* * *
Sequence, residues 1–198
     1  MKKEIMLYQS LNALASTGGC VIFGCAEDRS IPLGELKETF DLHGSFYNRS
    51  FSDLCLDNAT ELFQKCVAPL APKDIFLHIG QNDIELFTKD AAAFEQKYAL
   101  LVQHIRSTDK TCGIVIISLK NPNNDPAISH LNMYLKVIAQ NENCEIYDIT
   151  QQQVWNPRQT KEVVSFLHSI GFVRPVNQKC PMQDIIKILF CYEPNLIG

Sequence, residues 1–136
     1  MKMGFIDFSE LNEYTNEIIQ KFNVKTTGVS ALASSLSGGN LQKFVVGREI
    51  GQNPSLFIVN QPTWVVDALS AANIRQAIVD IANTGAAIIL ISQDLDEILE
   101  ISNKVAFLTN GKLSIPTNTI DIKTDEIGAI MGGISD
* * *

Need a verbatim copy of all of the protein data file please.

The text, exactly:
Sequence, residues 1–198
     1  MKKEIMLYQS LNALASTGGC VIFGCAEDRS IPLGELKETF DLHGSFYNRS
    51  FSDLCLDNAT ELFQKCVAPL APKDIFLHIG QNDIELFTKD AAAFEQKYAL
   101  LVQHIRSTDK TCGIVIISLK NPNNDPAISH LNMYLKVIAQ NENCEIYDIT
   151  QQQVWNPRQT KEVVSFLHSI GFVRPVNQKC PMQDIIKILF CYEPNLIG

Sequence, residues 1–136
     1  MKMGFIDFSE LNEYTNEIIQ KFNVKTTGVS ALASSLSGGN LQKFVVGREI
    51  GQNPSLFIVN QPTWVVDALS AANIRQAIVD IANTGAAIIL ISQDLDEILE
   101  ISNKVAFLTN GKLSIPTNTI DIKTDEIGAI MGGISD